Cloudability’s Rightsizing Engine evaluates the underlying resource utilization for each EC2 instance and recommends instance types that are well matched to each utilization profile. The end goal is to keep your costs down while being mindful of operational risks.
To get the most accurate recommendation there are four utilization metrics that need to be assessed: CPU, Disk IOPS, Network Bandwidth and Memory Utilization. For a number of very good reasons we’ve taken the approach of pulling this data directly from CloudWatch. One of these reasons is that three of the metrics are saved to CloudWatch by default for each instance without you doing anything. The fourth one however, Memory Utilization, requires a little initial effort on your end to publish to CloudWatch. This is done using what AWS calls Custom Metrics which you can read about here.
The good news is that AWS has come up with a standard format for memory data publication and we’ve taken a streamlined approach to ingest that data. We require only one custom metric be published:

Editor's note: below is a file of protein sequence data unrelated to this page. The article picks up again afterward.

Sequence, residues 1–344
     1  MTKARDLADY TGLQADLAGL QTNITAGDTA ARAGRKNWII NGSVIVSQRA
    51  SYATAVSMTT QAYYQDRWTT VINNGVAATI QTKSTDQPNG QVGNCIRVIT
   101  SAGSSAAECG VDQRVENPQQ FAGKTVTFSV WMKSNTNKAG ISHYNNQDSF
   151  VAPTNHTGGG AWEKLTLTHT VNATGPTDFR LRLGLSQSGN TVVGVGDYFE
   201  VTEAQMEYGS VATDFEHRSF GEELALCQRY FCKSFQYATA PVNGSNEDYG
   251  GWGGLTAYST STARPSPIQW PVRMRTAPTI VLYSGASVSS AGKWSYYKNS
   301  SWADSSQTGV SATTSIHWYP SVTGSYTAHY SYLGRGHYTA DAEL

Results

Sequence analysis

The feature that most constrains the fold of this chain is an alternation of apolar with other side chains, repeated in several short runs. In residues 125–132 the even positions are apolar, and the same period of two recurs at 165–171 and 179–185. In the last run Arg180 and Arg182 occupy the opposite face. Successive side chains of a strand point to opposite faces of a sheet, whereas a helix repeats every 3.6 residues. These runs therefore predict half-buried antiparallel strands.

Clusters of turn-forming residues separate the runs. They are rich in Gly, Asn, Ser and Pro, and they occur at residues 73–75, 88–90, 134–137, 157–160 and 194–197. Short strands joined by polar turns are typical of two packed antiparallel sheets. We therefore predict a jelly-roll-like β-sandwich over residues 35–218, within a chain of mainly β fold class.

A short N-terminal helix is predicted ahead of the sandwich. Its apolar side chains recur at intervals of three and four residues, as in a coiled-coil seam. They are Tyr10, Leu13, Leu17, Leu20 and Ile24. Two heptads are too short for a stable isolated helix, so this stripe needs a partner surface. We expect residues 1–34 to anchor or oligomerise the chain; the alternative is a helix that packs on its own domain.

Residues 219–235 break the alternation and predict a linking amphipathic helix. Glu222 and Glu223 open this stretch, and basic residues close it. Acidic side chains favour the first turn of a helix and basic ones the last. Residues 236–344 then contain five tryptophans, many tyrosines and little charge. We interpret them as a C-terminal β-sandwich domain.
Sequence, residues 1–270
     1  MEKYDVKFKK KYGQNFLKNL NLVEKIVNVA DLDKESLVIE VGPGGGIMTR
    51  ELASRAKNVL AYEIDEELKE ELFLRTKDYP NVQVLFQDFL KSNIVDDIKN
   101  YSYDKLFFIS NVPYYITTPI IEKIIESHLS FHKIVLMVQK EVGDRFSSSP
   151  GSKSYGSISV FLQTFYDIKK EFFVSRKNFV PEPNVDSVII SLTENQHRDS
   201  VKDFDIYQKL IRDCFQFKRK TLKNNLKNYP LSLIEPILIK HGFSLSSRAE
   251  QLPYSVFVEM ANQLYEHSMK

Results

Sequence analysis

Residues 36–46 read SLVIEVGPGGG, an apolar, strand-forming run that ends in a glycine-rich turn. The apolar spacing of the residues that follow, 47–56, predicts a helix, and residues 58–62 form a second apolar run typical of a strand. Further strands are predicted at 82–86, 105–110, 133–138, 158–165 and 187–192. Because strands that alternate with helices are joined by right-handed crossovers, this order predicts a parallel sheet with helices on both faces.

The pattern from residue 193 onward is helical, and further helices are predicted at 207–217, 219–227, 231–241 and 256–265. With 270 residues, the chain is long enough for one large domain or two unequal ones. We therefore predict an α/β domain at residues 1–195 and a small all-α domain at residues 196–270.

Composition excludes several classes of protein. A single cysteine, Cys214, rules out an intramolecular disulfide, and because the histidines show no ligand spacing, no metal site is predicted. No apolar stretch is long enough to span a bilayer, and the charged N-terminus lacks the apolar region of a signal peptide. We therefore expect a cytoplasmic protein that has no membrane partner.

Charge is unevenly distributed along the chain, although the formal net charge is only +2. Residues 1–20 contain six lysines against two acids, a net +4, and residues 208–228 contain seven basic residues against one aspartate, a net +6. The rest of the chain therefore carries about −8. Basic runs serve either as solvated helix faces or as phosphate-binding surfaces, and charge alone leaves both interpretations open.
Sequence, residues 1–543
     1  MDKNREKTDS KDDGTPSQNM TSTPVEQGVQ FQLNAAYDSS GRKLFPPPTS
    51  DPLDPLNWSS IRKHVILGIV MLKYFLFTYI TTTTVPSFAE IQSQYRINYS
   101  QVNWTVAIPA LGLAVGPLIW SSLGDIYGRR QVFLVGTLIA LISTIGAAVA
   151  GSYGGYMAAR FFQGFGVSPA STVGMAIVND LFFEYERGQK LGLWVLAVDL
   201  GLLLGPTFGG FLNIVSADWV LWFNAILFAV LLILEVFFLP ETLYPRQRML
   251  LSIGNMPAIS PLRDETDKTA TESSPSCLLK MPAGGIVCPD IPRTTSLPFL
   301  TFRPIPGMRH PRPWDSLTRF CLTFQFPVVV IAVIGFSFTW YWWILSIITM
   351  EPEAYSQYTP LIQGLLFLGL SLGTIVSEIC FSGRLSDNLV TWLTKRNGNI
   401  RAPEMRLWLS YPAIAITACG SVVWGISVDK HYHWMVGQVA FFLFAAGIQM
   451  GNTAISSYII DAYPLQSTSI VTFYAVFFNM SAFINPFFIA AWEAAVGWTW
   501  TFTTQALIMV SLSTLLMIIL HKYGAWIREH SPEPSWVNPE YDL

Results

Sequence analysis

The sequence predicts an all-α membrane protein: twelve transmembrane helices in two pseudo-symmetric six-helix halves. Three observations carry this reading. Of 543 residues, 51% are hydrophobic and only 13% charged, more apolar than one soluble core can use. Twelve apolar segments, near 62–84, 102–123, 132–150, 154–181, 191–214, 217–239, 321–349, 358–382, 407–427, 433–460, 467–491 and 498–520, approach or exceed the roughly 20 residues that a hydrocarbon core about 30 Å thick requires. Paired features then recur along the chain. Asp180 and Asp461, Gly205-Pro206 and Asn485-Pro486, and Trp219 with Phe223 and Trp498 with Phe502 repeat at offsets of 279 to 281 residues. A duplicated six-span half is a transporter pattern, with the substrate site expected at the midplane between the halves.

namespace: System/Linux or System/Windows
dimensions: InstanceId (it’s important to only add this one dimension)
It’s generally recommended to publish this information every 5 minutes. Once you have this data flowing into CloudWatch we’ll pick it up without requiring you do anything more.
If you’d like to validate within CloudWatch itself you can do so in the AWS console and you should find graphs similar to this:
Install the standard CloudWatch monitoring scripts for Linux available on the Amazon site. This is the most popular and straightforward option. Here is the crontab configuration we use at Cloudability:
*/5 * * * * ~/aws-scripts-mon/mon-put-instance-data.pl --mem-util --from-cron
This will publish exactly what Cloudability requires and nothing more. Other options include creating your own agent which integrates with the AWS SDK. Here is a great example using Golang that some of our customers have had success with.
The standard approach from Amazon has been to use a PowerShell script. You could also again use your own agent connected with the AWS SDK. Reach out to our team if you’d like more advice on this.
Having this memory data within CloudWatch is going to provide benefits well beyond Cloudability and we’d highly recommend going down this path. For example you could use the memory data to trigger autoscaling events or trigger alarms. Once you find what method works for you it’d be a good idea to roll that up into your configuration.